Deciles, zoning skewed by choice of richer parents
An Education Ministry study has found strong evidence school zones and school choice allow rich schools to skim the best students from schools in poor communities.
The analysis showed students who bypassed their local school to go to schools in other areas were among the most advantaged in their neighbourhoods.
It says the system appeared to be concentrating disadvantage in the schools that families were avoiding, but potentially increasing diversity in the schools that they were choosing.
The report says students who bypassed their local school had parents who earned eight to 17 per cent more than others in their home area and were more likely to have a Bachelor's degree.
They were also less likely to have behavioural problems, and more likely to be Pākehā or Asian.
"This is likely to substantially affect the composition of schools - the single greatest predictor of students' educational attainment is the education of their parents," the report says.
"Combined with evidence that school zones tend to be set up in a way that incorporate high SES (socio-economic status) areas and avoid low SES areas, this is strong evidence that the current combination of school choice and zones enables cream-skimming."
Though out-of-zone students tended to be more advantaged than most students in the schools they bypassed, they were less advantaged than most of their peers in the schools they were going to.
"Out-of-zone students are more likely to be Māori, Pacific, or disabled, have experiences in care, less educated parents, and parents with experiences in the justice system," the report says.
The report says that could increase diversity at schools with out-of-zone students, but the trend could be distorting the accuracy of school decile numbers.
It says deciles were based on the characteristics of groups of houses, but students who moved schools were likely to have a higher socio-economic background than their neighbours.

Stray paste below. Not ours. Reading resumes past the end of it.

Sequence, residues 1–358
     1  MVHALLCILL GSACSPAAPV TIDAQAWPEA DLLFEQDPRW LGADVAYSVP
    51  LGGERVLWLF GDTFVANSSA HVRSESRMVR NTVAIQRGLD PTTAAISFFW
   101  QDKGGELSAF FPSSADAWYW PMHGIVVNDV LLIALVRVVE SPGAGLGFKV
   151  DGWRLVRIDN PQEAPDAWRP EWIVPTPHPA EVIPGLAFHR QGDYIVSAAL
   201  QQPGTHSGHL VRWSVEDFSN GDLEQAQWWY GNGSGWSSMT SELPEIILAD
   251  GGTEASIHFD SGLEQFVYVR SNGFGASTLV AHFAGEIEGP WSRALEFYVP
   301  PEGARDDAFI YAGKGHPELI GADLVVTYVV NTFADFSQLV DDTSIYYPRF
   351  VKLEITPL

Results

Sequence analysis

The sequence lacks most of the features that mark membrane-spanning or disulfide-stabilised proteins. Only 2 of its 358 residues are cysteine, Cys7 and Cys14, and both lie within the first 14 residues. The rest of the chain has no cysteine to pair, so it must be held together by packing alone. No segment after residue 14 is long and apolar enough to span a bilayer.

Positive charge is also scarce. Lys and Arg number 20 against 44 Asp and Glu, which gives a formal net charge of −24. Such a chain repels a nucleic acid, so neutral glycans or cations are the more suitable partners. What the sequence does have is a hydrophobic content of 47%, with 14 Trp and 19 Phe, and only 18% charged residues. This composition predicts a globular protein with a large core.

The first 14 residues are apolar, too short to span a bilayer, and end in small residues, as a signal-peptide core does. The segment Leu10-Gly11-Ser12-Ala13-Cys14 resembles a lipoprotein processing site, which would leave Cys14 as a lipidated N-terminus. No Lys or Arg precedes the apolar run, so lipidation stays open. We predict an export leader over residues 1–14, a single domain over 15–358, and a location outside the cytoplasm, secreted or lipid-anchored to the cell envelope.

The report says its findings supported a move to a system of allocating extra funding based on student characteristics rather than on data about their neighbourhood.
However, it says it was not clear if social segregation would decrease if the ability to choose schools was removed.
"While it is clear that school choice disproportionately serves the interests of the relatively advantaged students within each neighbourhood, it is also not clear how families might respond in an alternative without school choice."
The government's education reforms are giving the Education Ministry responsibility for setting school zones and managing out-of-zone enrolments.
Auckland Secondary Principals Association president Richard Dykes took exception to the study's use of the term "cream-skimming".
He says it suggested schools were actively recruiting the best students from poorer neighbourhoods, but the report provided no evidence of that.
Rather it showed a natural outcome of allowing families to choose a school for their child.
Richard says overseas research also showed that richer families benefited most from school choice.
"There is a really strong case to be said if we want to improve equity then we've got to look at parental choice and school choice, but that's a very big political statement and that's not just something you turn on and off overnight."
In Auckland, Comet Education Trust chief executive Susan Warren says the study showed the movement of students was making low-decile schools less diverse.
"So you're getting schools that don't really reflect their whole communities and young people who are not having that opportunity to connect with people from different backgrounds from their own, who live right next door but don't go to school with them."
Susan says the study also showed student movement was skewing the decile system that was intended to allocate extra funding to areas of socio-economic disadvantage.
"This data shows low-decile schools are not being recognised for the level of challenge that they are facing."
"Schools are going to need more funding than we had recognised."
Principals Federation president Perry Rush says one possible solution to the problem was to stop linking principals' salaries to the size of their school.
He says that would remove an incentive for principals to try to attract more students from other areas.